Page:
This bridge is an attractive arch bridge. It was built in 1925, however in 1950, it was widened by adding an arch structure to the south side of the bridge. The 1950 section replicated the architectural details of the 1925 portion. The only exception was that the railings were replaced with steel picket railings. In 2012, the bridge was rehabilitated again. Two-tube railing was place in front of the 1950 railing, which was retained.
Information and Findings From Oregon's Historic Bridge Inventory
Three 110-ft reinforced concrete open-spandrel, rib-type deck arch spans with six reinforced concrete deck girder approach spans Additional Significance: This bridge, which was widened with a similar structure in 1950, features a number of decorative details, including arched spandrel walls and arched façades on the approach spans. The widening replicates these features, though it replaced the railing with picket rail.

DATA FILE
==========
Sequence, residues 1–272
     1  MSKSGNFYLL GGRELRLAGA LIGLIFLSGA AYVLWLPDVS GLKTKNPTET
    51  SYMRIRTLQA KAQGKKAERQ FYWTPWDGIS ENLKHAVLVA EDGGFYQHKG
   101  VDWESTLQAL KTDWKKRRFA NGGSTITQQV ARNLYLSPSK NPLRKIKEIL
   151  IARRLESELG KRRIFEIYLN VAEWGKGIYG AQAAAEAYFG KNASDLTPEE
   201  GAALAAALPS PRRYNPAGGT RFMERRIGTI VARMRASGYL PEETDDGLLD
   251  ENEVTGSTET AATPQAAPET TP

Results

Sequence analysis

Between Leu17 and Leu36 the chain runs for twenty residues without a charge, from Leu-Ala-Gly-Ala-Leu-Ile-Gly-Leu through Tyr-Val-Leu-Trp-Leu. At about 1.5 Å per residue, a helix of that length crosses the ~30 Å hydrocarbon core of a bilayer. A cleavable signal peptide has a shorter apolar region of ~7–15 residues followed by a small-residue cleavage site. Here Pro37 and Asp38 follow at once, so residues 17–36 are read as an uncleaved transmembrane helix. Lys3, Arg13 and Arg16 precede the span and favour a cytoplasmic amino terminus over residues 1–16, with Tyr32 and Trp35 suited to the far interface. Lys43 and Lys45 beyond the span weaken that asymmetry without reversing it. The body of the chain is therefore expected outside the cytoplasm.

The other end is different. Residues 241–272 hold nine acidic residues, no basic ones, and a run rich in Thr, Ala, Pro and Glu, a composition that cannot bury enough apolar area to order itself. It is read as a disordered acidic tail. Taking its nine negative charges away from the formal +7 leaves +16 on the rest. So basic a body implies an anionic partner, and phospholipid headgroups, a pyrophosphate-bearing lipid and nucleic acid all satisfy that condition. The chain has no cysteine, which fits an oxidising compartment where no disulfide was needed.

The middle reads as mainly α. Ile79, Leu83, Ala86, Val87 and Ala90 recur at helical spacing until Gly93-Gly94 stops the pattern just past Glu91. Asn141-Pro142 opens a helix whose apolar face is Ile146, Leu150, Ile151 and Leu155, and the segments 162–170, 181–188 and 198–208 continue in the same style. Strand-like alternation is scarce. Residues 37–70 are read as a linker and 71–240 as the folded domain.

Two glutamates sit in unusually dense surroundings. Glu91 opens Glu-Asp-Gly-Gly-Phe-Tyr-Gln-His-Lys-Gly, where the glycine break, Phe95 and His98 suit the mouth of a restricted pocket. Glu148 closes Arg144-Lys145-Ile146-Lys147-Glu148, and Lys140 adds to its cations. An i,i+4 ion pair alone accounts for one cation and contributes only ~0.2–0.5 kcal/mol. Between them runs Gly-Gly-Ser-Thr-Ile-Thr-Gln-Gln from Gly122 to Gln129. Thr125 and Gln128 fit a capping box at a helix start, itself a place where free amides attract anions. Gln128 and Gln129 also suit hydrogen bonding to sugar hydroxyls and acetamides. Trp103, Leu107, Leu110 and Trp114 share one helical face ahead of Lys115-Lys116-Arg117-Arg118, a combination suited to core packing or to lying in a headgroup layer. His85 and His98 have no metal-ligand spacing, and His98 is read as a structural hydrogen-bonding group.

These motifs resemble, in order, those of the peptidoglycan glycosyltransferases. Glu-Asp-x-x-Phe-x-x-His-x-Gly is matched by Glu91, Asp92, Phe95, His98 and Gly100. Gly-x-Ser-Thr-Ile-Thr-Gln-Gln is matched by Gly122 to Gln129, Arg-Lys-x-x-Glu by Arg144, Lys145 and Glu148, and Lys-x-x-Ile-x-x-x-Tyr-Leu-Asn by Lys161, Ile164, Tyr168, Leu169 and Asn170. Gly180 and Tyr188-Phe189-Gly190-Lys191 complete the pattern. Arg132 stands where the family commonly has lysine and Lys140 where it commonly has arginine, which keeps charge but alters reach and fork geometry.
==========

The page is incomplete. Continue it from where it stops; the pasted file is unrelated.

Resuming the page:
Oregon State Highway Department under C.B. McCullough
In 1917, when the Oregon State Highway Commission first surveyed the route of the Columbia River Highway beyond the Columbia River Gorge, they intended for the highway to run along the river as far as the town of Umatilla, before turning south as the Old Oregon Trail Highway. Instead, when construction of the highway reached Umatilla County in 1926, they decided to extend it to the Washington State Line, eventually designating this last segment as US 730. There are very few bridges along this portion of highway, and only two retain any sense of that original era.
Character Defining Features
Location on historic Columbia River Highway, Decorative features and railings, Structure type
In addition to the 1950 widening, this bridge received a rehab in 2012 which involved repairs to the concrete and a deck overlay. The railing has also been protected behind 2 Tube steel rail.
Bridge Considered Historic By Survey: Yes
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